An actor should always give their audition their best shot, being as prepared as possible so that there can be no excuse for failure. Excuses are for unemployed actors.

For some great free monologues go to Bottle Tree Productions teen monologues

Ghost of the Tree

Video Trailer for Ghost of the Tree

A One Act Play For Women

Ghost of the Tree is a one act play for one to seven actors, and a musician. With a simple set, consisting of a chair and a simplistic representation of a tree, this play is easy to transport. It is an ideal play for fringe festivals and other drama festivals. The play follows the lives of seven generations of women in the same family tree. It catches each woman's life as she contemplates her unborn child and the mother that bore her. The play moves inexorably back in time as the audience is taken on a journey of discovery. Each woman's life has been shaped by the women that came before, and as the years melt away, we discover the tragedy that hangs over this particular family.

United by blood, but separated by generations, the women can only tell their story in pieces and it is the audience that gets to put the pieces of this family mystery together, it is the audience that gets to put the story together.

A poignant tale of a doomed family line.

"Ingenious" David Prosser; Stratford Festival

"In 35 tears I have never seens anything like it" John Van Burek; Pleiades Theatre.

To purchase a script for ten dollars go to Bottle Tree Productions/Ghost of the Tree

For a free monologue from the play go to Bottle Tree Productions/monologues for teens

Wednesday, November 24, 2010

Acting Out Loud Workshop at The Wellington Street Theatre

Tony Babcock discusses his 'Acting Out Loud' workshop

At Bottle Tree Productions we are excited to have Tony Babcock run a two-day workshop at The Wellington Street Theatre Saturday and Sunday on December 4th and the 5th. Both days begin at 12 noon and end at 6 pm. Tony is a high-energy guy who has tremendous drive, and a tremendous work ethic. He is the epitome of an actor that will make work for himself, the kind of guy that agents love. Tony has been in commercials, on Much Music, done voice-overs for games and been involved in theatre in Toronto.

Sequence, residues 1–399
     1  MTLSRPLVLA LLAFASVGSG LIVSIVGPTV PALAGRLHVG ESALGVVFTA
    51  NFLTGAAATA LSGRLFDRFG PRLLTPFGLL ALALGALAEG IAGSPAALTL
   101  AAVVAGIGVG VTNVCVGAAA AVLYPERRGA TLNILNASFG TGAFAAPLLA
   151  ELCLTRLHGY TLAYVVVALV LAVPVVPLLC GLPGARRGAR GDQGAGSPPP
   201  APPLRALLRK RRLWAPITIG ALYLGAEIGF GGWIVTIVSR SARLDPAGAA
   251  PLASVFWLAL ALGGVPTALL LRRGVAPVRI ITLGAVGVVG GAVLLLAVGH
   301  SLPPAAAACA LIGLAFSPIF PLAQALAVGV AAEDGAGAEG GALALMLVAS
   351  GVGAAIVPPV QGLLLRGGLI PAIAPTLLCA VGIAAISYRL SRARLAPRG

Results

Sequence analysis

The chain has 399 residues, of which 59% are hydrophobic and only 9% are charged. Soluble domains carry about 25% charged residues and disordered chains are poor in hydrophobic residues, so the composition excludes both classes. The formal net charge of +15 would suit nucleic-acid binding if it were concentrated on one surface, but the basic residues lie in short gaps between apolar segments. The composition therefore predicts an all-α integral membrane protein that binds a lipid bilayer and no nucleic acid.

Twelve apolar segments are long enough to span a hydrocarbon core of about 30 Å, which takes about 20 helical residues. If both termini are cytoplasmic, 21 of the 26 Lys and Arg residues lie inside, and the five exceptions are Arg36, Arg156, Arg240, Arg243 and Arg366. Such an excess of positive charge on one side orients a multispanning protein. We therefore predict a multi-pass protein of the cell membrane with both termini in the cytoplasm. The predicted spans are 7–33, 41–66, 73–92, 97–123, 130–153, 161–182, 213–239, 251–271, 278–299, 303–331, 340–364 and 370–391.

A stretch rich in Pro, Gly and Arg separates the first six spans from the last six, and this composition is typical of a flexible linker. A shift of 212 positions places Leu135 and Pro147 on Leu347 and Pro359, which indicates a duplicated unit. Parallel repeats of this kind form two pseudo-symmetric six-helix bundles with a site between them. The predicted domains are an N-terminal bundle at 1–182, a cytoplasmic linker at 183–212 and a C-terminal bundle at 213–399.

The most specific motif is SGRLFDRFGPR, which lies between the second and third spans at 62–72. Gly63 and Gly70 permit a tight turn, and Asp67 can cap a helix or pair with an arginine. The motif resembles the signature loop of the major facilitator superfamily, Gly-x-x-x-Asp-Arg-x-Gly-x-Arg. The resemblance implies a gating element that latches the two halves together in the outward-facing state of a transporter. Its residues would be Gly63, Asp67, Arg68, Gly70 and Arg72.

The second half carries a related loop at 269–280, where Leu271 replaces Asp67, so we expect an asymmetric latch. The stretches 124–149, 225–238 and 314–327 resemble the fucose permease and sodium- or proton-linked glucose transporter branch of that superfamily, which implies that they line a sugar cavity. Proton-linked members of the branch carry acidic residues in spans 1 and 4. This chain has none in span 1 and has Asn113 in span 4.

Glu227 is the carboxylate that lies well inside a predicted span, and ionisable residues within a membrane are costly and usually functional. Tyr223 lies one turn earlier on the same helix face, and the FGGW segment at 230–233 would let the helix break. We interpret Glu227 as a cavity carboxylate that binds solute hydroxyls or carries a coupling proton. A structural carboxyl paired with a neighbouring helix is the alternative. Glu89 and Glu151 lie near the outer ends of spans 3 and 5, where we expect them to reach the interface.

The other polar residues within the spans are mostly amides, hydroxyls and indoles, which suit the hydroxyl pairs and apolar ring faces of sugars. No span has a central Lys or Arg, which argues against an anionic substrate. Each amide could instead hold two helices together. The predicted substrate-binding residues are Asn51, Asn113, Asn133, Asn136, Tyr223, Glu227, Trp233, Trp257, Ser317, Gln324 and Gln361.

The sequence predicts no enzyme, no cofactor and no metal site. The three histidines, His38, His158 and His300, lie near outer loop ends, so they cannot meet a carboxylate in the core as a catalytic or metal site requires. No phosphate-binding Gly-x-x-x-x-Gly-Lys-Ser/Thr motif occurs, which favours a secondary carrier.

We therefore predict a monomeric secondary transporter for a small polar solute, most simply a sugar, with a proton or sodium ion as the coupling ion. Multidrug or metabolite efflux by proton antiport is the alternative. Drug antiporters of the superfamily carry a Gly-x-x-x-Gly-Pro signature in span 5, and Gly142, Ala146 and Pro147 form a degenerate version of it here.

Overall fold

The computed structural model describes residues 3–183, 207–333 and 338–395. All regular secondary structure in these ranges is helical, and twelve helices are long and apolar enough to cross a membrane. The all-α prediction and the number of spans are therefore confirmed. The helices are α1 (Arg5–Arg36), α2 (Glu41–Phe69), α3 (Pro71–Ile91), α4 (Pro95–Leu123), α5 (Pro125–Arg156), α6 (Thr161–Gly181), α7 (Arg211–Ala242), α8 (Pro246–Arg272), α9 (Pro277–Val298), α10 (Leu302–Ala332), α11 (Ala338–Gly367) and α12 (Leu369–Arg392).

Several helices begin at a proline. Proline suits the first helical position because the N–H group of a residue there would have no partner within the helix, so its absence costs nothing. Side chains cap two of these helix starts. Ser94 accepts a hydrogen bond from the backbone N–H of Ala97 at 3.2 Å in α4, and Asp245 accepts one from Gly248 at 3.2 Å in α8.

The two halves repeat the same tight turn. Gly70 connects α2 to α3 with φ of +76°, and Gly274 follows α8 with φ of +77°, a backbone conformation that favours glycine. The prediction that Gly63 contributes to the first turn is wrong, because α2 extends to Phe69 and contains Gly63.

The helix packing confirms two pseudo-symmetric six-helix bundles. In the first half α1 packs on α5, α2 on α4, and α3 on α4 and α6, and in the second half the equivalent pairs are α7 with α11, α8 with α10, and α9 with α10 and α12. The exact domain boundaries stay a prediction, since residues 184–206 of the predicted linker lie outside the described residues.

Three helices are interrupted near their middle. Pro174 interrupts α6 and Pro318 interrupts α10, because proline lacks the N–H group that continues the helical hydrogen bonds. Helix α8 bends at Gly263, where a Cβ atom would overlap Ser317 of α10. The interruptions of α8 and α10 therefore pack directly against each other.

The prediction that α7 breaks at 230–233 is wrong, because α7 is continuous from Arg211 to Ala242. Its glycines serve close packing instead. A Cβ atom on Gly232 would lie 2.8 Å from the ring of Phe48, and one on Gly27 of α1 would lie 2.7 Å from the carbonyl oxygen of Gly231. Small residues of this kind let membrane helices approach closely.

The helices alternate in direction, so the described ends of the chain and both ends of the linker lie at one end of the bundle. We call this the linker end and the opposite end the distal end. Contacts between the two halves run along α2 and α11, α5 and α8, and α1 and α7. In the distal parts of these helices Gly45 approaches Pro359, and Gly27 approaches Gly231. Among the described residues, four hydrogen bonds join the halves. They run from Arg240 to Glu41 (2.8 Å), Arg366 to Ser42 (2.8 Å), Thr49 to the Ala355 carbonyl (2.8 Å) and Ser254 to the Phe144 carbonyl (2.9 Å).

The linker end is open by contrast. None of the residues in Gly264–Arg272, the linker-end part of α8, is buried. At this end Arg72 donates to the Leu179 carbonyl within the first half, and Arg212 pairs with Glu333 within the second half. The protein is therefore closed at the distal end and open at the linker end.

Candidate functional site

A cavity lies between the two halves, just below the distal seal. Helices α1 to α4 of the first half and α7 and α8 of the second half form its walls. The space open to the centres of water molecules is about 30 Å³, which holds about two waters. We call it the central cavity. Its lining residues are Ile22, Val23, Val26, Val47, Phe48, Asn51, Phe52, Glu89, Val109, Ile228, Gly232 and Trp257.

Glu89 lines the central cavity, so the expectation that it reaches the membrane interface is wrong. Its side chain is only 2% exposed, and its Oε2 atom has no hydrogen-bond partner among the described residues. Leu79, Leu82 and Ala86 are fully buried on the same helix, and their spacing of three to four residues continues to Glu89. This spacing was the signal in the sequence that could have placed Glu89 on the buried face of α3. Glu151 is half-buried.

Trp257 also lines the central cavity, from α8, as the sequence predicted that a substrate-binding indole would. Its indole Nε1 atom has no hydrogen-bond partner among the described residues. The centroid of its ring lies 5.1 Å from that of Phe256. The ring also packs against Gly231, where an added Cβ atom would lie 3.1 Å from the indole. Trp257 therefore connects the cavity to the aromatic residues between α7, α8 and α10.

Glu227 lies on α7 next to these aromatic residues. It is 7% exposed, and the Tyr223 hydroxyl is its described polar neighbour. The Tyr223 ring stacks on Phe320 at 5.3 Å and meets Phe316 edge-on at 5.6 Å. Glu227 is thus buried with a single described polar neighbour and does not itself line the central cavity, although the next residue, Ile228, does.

Tony started taking acting classes with me when he was eight years old, and he loved being on the stage. He would always check out the audience to see if they were enjoying his performance. When he was older, in his late teens, I gave him the part of Bottom in A Midsummer Night's Dream. I gave him free reign to improv and he didn't disappoint. He was hilarious. Tony always wanted more parts much like Shakespeare's Bottom.

I remember dropping Tony off in Toronto for an audition in his rented tuxedo. The tuxedo was called for. At the time he looked very small and lonely. Fast forward a few years and Tony is gainfully employed in the biz. He never lets a moment go by that he isn't actively involved in furthering his career. He designs websites for fellow actors as well as running workshops. He doesn't let the grass grow under his feet.

If anyone wanted to know what it takes to succeed in Toronto, then Tony's drive and energy would be a good template.

His new acting workshops titled 'Acting Out Loud' is being offered at a fifty per cent discount in Kingston as he beta tests his new program. For only $100, students get acting help and advice from a great guy. Tony has taught across North America so the weeekend of December 4th and 5 th promises to be a treat for the local acting community. Tony's humour and energy has got him through some tough times in Toronto, and his experience can only help others.

'Acting Out Loud' at The Wellington Street Theatre December 4th and 5th 12 noon-6 pm. For mor info go to Acting Out Loud